“Since 1991, Somalia has been battered by undulating phases of a civil war playing out among the country’s many fractious clans, larger entities aspiring to statehood, warlords, and Islamist groups. State institutions, including the security apparatus, have experienced a profound collapse.
“Despite extensive international efforts for three decades to rebuild state institutions and stabilize the country, Mogadishu-based national governments have had limited operational capacity and physical reach into much of the country. Critically, they have been debilitated by parochial political competition among the country’s clans and powerbrokers.
“Thus, the official state has been mostly unable to deliver even a modicum of governance to local populations while battling strong and agile military opponents and separatism. Characteristically, the most effective, even if brutal, stabilizing actors in Somalia have been Islamist groups. More than other contestants for power, they have been able to rise above clan divisions and administer a uniform rule, protect marginalized minority clans, and deliver swift, predictable, and non-corrupt justice.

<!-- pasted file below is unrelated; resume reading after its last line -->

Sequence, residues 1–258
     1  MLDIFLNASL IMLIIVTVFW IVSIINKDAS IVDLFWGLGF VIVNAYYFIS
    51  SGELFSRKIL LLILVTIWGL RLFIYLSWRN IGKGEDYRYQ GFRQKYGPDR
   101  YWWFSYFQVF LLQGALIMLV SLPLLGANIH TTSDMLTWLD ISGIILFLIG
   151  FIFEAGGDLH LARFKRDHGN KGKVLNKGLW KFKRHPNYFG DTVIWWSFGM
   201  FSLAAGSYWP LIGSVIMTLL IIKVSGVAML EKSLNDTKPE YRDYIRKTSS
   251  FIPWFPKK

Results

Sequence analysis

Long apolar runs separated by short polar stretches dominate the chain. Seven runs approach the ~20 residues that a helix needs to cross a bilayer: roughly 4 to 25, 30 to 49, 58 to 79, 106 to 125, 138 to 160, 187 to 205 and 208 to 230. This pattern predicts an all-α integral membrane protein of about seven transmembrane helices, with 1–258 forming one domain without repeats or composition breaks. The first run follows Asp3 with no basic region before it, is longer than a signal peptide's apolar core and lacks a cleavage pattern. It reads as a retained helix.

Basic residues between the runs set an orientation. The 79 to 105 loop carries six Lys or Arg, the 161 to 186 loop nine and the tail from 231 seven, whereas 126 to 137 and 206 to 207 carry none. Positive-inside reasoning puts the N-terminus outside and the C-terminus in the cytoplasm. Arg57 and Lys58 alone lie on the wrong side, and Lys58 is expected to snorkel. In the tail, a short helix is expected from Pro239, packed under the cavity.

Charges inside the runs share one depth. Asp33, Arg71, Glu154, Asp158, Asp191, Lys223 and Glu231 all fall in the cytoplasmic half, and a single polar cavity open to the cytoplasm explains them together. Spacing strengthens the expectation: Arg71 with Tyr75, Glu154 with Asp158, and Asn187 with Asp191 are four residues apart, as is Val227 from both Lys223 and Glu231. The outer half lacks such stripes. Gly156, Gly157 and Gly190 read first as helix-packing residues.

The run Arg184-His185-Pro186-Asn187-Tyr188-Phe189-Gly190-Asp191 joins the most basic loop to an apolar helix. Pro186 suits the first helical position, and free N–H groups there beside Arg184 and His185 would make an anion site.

“Yet because of their connections to global jihadist movements, including active participation in vicious terrorism abroad and in Somalia, and significant human rights abuses, rule by the country’s jihadi groups has been unacceptable to the international community as well as resented by Somalis. Nonetheless, when international or Somali military efforts have liberated territories, clan infighting and discrimination have often broken out, and the state has often failed with adequate and equitable governance,” she argues.